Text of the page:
Johnson was benched a week ago
"It's a complete shock to me," Johnson told The Associated Press in an exclusive interview in his home. "I had a great 4½ years in Cleveland, but I never thought it would end this way. I'm still trying to figure this out."
The move, given Johnson's productivity and popularity during his tenure with the team, is somewhat dubious. The former Syracuse star has never been a favorite of the Butch Davis coaching staff, however, and was a frequent subject of trade rumors.
Browns fans are left wondering why Davis would release Johnson -- the team's most consistent receiver -- at this point in the season and after signing him to a four-year, $13.35 million contract extension with a $3.5 million signing bonus before last season.
"This is not a knee-jerk reaction," Davis said in a statement. "We have been trying for almost three seasons to help Kevin perform to the level of expectations we have had for him. I am disappointed our staff has not been able to get him to accept the expectations we have of how the wide receiver position should be played."
Johnson said Davis called him into his office on Tuesday to inform him that he was no longer in the team's future plans.
"I'm really disappointed in the way it ended, simply because of all that I've done for him (Davis)," Johnson told the AP. "I never questioned him and I never talked bad about him to anyone or about anything. It doesn't make sense."
Johnson was demoted last week because coaches felt he had not blocked well in the running game and Johnson reacted by publicly noting he has been the Browns' leading receiver in every season with the team. That likely did not play well with team officials.
Johnson, however, said he never questioned his benching. In fact, he was the one who told Andre' Davis that he would be starting, the Associated Press reported.
"I took it like a man," said Johnson, whose 315 receptions tied him for fourth on the club's career list. "I supported every guy who went in there.
"It was very disappointing not to be in there," Johnson said. "We went 3-for-11 on third downs -- that's where I make my living. All I've done is make plays for this team."
Then again, the demotion did not play well in the locker room, where veterans have questioned some of Davis's past moves, and the Tuesday release of Johnson probably will send shock waves through the roster.
Johnson was stunned to hear Davis' reasons behind releasing him.
"I guess I wasn't good enough," he told the AP. "This is crazy."
Johnson's relationship with Davis had been strained for some time. As early as 2001, Davis' first season in Cleveland, he tried to trade Johnson.
Johnson, 27, is subject to league waivers.
If he is claimed by another team, he must report, since the trade deadline has passed. But because he is a "vested" veteran, he has the right to declare himself an unrestricted free agent after the 2003 season. If he is unclaimed by Wednesday, which is anticipated, then Johnson becomes free to sign with any team.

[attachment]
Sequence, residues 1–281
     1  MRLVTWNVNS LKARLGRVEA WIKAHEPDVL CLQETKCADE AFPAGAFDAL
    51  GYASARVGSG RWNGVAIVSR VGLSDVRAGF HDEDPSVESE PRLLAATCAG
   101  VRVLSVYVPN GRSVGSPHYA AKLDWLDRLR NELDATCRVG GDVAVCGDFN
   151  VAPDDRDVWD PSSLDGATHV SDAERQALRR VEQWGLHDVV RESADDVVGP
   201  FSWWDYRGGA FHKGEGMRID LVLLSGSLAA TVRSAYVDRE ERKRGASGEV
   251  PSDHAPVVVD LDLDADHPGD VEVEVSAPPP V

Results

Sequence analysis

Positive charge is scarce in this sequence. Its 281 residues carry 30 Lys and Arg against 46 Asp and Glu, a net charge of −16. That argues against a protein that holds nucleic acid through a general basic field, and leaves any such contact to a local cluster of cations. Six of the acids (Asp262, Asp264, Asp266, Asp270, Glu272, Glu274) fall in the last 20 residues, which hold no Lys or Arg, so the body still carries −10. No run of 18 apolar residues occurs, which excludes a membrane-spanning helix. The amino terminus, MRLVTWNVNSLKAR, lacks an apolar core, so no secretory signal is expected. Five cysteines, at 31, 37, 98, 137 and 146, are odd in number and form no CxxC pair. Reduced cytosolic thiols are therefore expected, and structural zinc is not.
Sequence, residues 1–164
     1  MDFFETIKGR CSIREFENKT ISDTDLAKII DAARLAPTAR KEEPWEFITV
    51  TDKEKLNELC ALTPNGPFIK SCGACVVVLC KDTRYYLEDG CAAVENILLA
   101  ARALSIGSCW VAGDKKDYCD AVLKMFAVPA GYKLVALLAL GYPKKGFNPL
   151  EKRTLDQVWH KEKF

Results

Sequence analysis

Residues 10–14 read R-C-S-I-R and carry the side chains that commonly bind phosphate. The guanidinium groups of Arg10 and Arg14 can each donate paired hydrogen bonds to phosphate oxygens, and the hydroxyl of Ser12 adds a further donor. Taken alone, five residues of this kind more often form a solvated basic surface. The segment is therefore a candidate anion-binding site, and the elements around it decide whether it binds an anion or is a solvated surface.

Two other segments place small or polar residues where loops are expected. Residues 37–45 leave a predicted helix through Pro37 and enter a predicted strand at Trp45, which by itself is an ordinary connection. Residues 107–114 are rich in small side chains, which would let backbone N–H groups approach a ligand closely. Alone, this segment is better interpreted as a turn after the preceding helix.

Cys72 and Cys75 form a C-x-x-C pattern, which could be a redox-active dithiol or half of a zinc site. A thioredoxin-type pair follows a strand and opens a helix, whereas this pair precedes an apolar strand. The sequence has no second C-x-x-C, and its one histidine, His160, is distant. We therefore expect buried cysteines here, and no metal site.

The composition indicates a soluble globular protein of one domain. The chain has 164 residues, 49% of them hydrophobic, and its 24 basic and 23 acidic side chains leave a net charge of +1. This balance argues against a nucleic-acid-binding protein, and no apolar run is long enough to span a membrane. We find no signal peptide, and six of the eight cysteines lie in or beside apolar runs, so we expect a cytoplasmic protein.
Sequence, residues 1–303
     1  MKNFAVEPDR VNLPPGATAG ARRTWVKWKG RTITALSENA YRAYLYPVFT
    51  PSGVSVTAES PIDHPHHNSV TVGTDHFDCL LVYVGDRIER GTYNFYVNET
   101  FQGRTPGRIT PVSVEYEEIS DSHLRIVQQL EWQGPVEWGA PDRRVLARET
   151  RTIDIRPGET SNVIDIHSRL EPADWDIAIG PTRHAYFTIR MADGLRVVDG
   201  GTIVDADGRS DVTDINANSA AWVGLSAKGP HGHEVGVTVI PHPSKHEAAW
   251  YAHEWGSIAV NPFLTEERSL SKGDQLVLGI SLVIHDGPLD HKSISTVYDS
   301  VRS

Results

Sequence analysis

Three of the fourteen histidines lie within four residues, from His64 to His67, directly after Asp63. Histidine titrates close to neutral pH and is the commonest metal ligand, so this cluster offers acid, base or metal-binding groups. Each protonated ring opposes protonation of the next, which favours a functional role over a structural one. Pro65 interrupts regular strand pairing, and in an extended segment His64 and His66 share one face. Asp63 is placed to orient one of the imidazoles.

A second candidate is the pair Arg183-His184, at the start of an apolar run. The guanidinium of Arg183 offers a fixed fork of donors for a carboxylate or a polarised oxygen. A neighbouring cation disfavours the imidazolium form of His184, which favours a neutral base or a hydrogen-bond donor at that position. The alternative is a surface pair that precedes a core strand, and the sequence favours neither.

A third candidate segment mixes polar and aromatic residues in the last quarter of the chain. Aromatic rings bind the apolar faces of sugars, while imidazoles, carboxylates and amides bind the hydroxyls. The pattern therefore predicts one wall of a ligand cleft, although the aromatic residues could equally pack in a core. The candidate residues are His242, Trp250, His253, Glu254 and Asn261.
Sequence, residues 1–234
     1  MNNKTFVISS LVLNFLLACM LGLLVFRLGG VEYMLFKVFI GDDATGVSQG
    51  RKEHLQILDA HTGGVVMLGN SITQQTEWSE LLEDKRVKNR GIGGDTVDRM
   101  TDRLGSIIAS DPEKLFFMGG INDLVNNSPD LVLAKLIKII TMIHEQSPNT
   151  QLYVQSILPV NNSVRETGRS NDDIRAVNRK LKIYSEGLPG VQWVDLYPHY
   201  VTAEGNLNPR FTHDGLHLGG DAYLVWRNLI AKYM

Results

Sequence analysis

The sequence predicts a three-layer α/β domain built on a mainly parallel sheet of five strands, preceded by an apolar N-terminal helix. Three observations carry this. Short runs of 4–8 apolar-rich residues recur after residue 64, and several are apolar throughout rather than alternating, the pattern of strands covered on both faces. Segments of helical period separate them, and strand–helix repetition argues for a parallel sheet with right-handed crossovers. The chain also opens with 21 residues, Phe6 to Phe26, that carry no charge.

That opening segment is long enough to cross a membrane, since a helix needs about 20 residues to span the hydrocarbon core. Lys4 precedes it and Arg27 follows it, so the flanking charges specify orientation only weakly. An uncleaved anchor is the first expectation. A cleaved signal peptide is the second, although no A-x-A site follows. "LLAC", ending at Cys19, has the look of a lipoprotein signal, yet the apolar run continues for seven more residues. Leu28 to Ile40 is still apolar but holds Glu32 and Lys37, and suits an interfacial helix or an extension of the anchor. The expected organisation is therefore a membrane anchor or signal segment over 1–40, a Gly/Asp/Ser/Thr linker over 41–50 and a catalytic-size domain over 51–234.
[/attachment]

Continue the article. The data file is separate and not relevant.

Within hours of being released by the Browns, Johnson sat in his living room and fielded several calls from NFL head coaches interested in signing him.
Johnson's cell phone was also ringing nonstop from Cleveland players offering their support and wishing their popular ex-teammate well, the Associated Press reported.
His base salary for 2003 is $950,000, which means any team assuming his current deal will owe him a prorated portion based on remaining games, or about $391,000. Johnson was under contract through 2006, with scheduled base salaries of $1.45 million (2004), $1.4 million (2005) and $2.65 million (2006). There were annual workout bonuses of $100,000.
But he is also due a $2 million options bonus in 2005 and that almost certainly will preclude any club from claiming him on waivers.
Never noted for his speed, Johnson nonetheless led the Browns in receptions in each of his first four seasons in Cleveland, and topped the team in catches again this year. Many scouts feel he has the best hands of any wide receiver in the NFL and that, while he lacks the playmaker skills of a "lead" wideout, is a prototype No. 2 wide receiver.
"Kevin had a diminished role in our offense, and he was not happy with it," Davis said. "We have a number of young, talented receivers in Quincy Morgan, Andre Davis, Dennis Northcutt, Andre King, Frisman Jackson and C.J. Jones. As a result, we did not foresee Kevin's role expanding in the future.
"This will enable him to get a fresh start, and it will allow our young receivers to continue to develop and improve. We wish Kevin all the best."
A second-round pick in the 1999 draft, and one of the few players remaining from the franchise's first year of its second incarnation, Johnson played in 73 games and started in all but one of them. He had 315 catches for 3,836 yards and 23 touchdowns. His average per catch this year, of just 9.5 yards, is well below his career standard of 12.6 yards, but there figures to be a strong market for Johnson among teams seeking to add a productive receiver for the stretch run.
A message left by the Associated Press seeking comment from Johnson's agent, Tom Condon, was not immediately returned.
The Browns said president Carmen Policy will address Johnson's release in a Wednesday morning news conference.
"I wanted to end my career here," Johnson told AP. "That's what hurts me the most."
Len Pasquarelli is a senior NFL writer for ESPN.com.
Information from The Associated Press was used in this report.
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